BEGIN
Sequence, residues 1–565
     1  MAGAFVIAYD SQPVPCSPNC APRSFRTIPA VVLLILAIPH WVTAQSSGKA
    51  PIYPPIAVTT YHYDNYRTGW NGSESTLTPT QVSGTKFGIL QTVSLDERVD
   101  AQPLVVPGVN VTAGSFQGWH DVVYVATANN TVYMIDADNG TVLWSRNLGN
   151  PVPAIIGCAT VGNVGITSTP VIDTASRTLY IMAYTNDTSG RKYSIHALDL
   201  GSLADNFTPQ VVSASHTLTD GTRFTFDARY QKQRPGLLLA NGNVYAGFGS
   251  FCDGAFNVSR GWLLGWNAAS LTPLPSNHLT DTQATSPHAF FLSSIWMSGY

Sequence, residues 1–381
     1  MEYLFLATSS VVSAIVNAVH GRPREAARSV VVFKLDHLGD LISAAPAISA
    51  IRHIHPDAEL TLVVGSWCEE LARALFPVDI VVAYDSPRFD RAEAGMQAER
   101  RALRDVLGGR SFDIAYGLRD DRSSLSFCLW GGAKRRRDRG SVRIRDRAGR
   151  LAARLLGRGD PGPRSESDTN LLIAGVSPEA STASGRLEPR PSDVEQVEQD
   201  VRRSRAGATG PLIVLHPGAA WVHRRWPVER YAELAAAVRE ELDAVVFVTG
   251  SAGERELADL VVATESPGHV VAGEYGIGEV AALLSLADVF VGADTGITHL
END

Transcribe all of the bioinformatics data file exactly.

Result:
Sequence, residues 1–565
     1  MAGAFVIAYD SQPVPCSPNC APRSFRTIPA VVLLILAIPH WVTAQSSGKA
    51  PIYPPIAVTT YHYDNYRTGW NGSESTLTPT QVSGTKFGIL QTVSLDERVD
   101  AQPLVVPGVN VTAGSFQGWH DVVYVATANN TVYMIDADNG TVLWSRNLGN
   151  PVPAIIGCAT VGNVGITSTP VIDTASRTLY IMAYTNDTSG RKYSIHALDL
   201  GSLADNFTPQ VVSASHTLTD GTRFTFDARY QKQRPGLLLA NGNVYAGFGS
   251  FCDGAFNVSR GWLLGWNAAS LTPLPSNHLT DTQATSPHAF FLSSIWMSGY

Sequence, residues 1–381
     1  MEYLFLATSS VVSAIVNAVH GRPREAARSV VVFKLDHLGD LISAAPAISA
    51  IRHIHPDAEL TLVVGSWCEE LARALFPVDI VVAYDSPRFD RAEAGMQAER
   101  RALRDVLGGR SFDIAYGLRD DRSSLSFCLW GGAKRRRDRG SVRIRDRAGR
   151  LAARLLGRGD PGPRSESDTN LLIAGVSPEA STASGRLEPR PSDVEQVEQD
   201  VRRSRAGATG PLIVLHPGAA WVHRRWPVER YAELAAAVRE ELDAVVFVTG
   251  SAGERELADL VVATESPGHV VAGEYGIGEV AALLSLADVF VGADTGITHL